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#45 of 1916 Top 100 Gear Guru 11 points

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  • 6 Reviews 4 Helpful
  • 0 Questions 0 Helpful
  • 25 Answers 5 Helpful
  • 1 Photo 1 Helpful
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  • 0 Comments 0 Helpful

Here's what others have to say...

4 5

"26", 27.5", 29", starting to feel a bit crowded in the MTB wheel size format." This was my thought when deciding to upgrade my rig before my disposable income goes kaput. I had a Blur LTc and while I loved the feel of the frame and the suspension was the perfect amount, the smaller wheelsize made things a little squirrely for some reason (I'm all legs - 33.5" inseam at 5'11" - might be part of it). When I saw that SC made the Solo (now the 5010, clever) with a very similar geometry as the Blur with the 27.5" wheelsize, it seemed to make enough sense for me.
(-side note- no 29er for me, for a do it all bike I don't like to get that tactical with my descents)

And I was right. This is a very capable do it all bike, especially in this particular build. The rolling resistance of the wheel size feels easy and it takes much less energy to maintain speed. Climbing comes very easily here with the three ring crankset and the fact that the Solo/5010's best quality is the rolling resistance on the small stuff when climbing. Descending feels almost as much at home as it is a harmonious blend of stability and nimbleness due to the Blur's geometry being instilled.

The build is fantastic as well with Shimano XT drivetrain and brakes, a RockShox Reverb seat dropper, Fox Float front and back and a nice wide Easton bar. Liked the tires (HighRoller 2s) and don't love the wheels for the weight, but gives me something to upgrade and can't afford that ENVE goodness yet.

Enough with the gushing, time for the down-points. Not many here as it feels like nitpicking, but while there is not much that the Solo/5010 doesn't do, I feel that there is no real bright spots either other than that rolling resistance I mentioned earlier. I also don't see the need for the triple crankset as I'm not using the granny or the biggest gears much.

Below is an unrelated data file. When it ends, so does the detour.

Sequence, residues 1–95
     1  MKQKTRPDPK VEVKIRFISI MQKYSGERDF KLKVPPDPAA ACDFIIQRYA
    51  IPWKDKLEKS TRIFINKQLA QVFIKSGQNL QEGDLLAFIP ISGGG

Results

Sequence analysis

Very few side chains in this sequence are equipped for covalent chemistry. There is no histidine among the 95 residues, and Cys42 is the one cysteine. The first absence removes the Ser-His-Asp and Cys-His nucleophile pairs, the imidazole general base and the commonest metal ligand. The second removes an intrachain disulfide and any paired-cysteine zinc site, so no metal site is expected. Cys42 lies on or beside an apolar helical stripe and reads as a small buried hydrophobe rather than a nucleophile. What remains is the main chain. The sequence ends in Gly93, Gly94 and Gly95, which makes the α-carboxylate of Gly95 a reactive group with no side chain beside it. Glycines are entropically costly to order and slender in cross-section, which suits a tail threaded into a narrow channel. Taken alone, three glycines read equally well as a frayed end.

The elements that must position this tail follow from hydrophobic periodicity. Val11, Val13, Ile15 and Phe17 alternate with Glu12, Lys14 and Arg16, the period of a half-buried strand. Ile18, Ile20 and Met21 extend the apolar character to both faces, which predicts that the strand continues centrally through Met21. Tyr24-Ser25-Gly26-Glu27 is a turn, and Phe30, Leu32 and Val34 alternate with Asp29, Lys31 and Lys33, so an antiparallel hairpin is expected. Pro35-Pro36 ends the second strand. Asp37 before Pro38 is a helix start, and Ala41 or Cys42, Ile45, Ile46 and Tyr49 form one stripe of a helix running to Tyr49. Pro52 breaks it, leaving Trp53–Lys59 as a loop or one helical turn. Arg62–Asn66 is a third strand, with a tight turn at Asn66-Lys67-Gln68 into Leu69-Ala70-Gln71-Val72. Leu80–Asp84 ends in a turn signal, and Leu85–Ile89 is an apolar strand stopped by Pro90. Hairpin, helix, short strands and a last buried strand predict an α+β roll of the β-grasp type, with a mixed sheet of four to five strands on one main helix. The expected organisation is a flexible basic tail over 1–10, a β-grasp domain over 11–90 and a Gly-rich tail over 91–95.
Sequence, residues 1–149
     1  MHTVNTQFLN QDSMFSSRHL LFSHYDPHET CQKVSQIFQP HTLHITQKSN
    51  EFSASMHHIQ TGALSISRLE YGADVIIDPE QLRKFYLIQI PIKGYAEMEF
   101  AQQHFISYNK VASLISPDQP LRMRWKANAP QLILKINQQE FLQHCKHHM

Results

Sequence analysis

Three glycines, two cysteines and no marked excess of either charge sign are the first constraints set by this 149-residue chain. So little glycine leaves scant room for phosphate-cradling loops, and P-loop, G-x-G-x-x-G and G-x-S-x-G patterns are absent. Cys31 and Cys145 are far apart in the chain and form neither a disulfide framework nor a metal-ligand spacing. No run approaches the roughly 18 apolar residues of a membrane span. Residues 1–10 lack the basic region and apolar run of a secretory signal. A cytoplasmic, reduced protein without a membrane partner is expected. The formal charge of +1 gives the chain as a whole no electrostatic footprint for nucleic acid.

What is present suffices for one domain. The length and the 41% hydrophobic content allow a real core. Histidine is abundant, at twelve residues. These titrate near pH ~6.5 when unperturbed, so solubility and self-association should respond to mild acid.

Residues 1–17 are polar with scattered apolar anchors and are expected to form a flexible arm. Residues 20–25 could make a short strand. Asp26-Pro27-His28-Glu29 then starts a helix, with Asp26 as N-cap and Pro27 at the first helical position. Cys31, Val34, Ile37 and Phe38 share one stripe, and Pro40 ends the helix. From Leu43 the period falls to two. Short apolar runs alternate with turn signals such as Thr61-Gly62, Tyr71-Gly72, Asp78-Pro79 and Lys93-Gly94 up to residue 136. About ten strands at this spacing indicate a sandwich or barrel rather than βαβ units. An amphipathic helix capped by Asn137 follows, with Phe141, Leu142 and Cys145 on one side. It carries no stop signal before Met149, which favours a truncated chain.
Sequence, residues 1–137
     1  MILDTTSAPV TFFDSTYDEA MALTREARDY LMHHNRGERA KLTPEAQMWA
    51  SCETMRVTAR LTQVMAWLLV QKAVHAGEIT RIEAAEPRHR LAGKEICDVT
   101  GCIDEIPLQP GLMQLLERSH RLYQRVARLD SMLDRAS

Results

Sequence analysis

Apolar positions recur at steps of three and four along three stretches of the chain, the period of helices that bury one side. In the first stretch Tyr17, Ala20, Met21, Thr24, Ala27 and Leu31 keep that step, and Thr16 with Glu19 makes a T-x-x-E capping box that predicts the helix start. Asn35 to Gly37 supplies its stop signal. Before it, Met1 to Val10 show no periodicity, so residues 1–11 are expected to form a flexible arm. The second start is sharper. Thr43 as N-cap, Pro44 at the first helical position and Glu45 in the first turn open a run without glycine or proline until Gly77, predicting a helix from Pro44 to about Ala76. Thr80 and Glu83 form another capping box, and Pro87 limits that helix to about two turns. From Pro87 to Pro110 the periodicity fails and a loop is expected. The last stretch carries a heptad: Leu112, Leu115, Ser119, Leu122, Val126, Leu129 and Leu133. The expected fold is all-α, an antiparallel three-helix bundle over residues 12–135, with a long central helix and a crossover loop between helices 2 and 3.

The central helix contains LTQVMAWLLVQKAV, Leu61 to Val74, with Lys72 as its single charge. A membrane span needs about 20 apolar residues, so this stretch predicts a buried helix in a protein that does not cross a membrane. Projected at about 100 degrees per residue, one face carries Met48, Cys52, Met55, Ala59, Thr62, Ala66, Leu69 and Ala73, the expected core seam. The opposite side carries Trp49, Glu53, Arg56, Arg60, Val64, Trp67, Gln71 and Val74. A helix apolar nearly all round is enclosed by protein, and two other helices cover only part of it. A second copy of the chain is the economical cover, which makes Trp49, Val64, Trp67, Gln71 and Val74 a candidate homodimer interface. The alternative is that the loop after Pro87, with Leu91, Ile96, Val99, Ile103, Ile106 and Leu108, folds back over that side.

Overall, a great do everything bike for those who loves the new 27.5 wheel size.

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4 5

Was able to score an M-Frame frameset with a broken lens so I decided to hop on a couple of these replacement frames. The vision is the usual better than most Oakley quality while the nose piece is good at hugging the shnoz without cutting off the air. The array of tints is endless (a good thing) and the shape is a good medium between wind protection while remaining low profile.

The lens is a bit strange to put on the frame itself. I'm a bit afraid of breaking the tip corner off of the lens each time I try, but that is the only complaint.

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4 5

Bike Computers are something that I have skimped on a bit. Since my rides are getting longer and rigs more sophisticated, I decided to plunge in to the Edge 500 from Garmin and I wasn't disappointed. A plethora of information awaits those who take the time, study the manual and plan out the display system that is right for them. The unit it self is very small and feels sturdy and most of the extra gadgets are pretty easy to install. This unit does come with a Heart Rate strap and while I feel that it could be easier taking on and off, it does the job well.
I want to revisit the earlier statement of "plethora of information awaits those who take the time" etc. etc. If you are the kind of person who doesn't mind digging in to the manual and experimenting with all the settings, then the Edge 500 will reward those people with a streamlined display of all the stats needed. If you are more of a "plug and play" type of person, the Edge 500 will be a little lost as it will be set to the factory pages of stats and that isn't necessarily what people need. Also to mount is good in a pinch, but if you want something that extends the unit further out then I would start checking Bar Flys out as I feel like I have to crane my neck down further than comfortable at times.
Overall, a great training tool for those who are willing to take the time to unleash it.

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4 5

When i started road riding, I found out real quick that a lighter, more ventilated helmet made for an easier ride temperature wise. So, I started out with the Giro Atmos Helmet and was glad I did. The 26 vents almost keep my head too cool and the roc-loc 5 keeps the Atmos snug on top of my head after a bit of adjusting.
Sizing can get a little tough if you are right at the 55cm (common) head size. I went with a medium and had to play with the adjustments a bit, but was able to get a snug fit.

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